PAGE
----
That year the imperial capital was shifted from Calcutta to Delhi and has since remained the seat of political activity.
King George V and Queen Mary were crowned the Emperor and Empress of India at the Delhi Durbar or mass assembly on Dec 12.
The foundation of the new city was laid Dec 15, three days after the coronation.
The mythical Indraprastha of the Mahabharata was formally declared the capital of Imperial India.
The capital was named New Delhi in 1927 and was formally inaugurated Feb 13, 1931, says R V Smith, historian and writer.
Seven cities -Siri, Tughlakabad, Jahanapanah, Ferozabad, Dinpanah, Shergarh and Shahajahanabad- were put together to form an eighth city called ‘new’ Delhi, he says.
Two British architects -Edwin Lutyens and Herbert Baker - laid out the architectural map of the city.
The small villages and hamlets in the southern part of the city gave way to symmetrical, planned neighbourhoods and architectural marvels like the Secretariat and the Parliament, says Smith.
St. James’ Church, built in the 1830s, is one of the oldest surviving British buildings in the city, he says.
Historian and writer Mahmood Farooqui says being the capital, Delhi developed after 1947 and a lot of state-sponsored industrial development took place in the 1950s and 1960s.
Before New Delhi, the core of the city lay in the northern parts: Chandni Chowk, Kashmere Gate and Civil Lines flourishing with trade and commerce.
People started moving to Connaught place only after World War II, says Smith.
He said in the 1960’s the sprawling circular market was more habited by the upwardly mobile and people then wore the best clothes to visit the market.
The last 100 years have seen Delhi grow and change.
The nation’s capital is perhaps the best example of the variety and diversity of the country. It’s the home of migrants, says Sanjay Kumar of the Centre for Study of Developing Societies.
From a population of 240,000 in 1911 it has grown to 22 million now. The burgeoning population has seen single units with sprawling lawns give way to skyscrapers and concrete jungles.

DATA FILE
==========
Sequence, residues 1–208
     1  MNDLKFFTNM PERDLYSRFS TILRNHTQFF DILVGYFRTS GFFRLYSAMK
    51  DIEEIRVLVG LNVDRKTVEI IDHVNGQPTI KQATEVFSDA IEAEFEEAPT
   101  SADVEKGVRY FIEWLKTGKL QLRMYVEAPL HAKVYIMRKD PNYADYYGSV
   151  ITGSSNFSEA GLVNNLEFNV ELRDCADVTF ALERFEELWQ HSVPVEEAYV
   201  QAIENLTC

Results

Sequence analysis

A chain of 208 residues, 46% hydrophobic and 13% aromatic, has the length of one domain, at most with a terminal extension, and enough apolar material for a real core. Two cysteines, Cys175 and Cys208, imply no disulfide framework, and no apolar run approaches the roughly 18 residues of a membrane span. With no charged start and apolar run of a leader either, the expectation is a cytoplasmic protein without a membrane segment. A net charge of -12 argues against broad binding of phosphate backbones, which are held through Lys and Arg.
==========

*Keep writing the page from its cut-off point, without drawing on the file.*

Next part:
The city got a facelift for the 1982 Asian Games and another even bigger one during last year’s Commonwealth Games.
Many new infrastructure and facilities came up.
Globalisation also saw major changes in infrastructure, retailing and other spheres
The west became even closer and western living and ideas infiltrated into our daily lives and effected drastic changes on the social front, says octogenarian and retired government official, Ram Lal Sanganer.
From colour TV to a proliferation of channels brought the world into our drawing rooms.
With living standards improved transport and other means.
The skies were opened up, air travel became cheaper as private airlines mushroomed.
Perhaps the greatest revolution was ushered in by the metro rail.
People no longer have to contend with the long queues, ‘eternal’ wait at bus-stops and traffic jams.
Christianity has also deepened its roots over the century in Delhi. It has been a saga of great enterprise -for the spread of education, social, philanthropic, general wellbeing and better health facilities with the aid of hospitals like Holy Family and St. Stephen’s Hospitals, says Smith.
The largest number of schools and colleges are run by this vibrant minority which has brought manifold development in all spheres of life.
Seventy years after the erection of St. Mary’s Church, the Sacred Heart Cathedral was built and blessed on December 8, 1935.
In 1910, by a Degree of the Sacred Congregation of Faith, Shimla Archdiocese was erected.
Twenty-seven years later portions of Punjab which were under the Archdiocese of Agra were added to the Archdiocese of Shimla.
With this addition, the Archdiocese was renamed as Archdiocese of Delhi-Shimla.
In 1959, the Archdiocese was bifurcated into two separate ecclesiastical units, Diocese of Shimla-Chandigarh and Archdiocese of Delhi and both were handed over to the Diocese clergy.
At the time of the bifurcation, in 1959, the Archdiocese of Delhi had only 10 churches.
At present there are 41 parishes, most of them in the Capital itself, Smith added.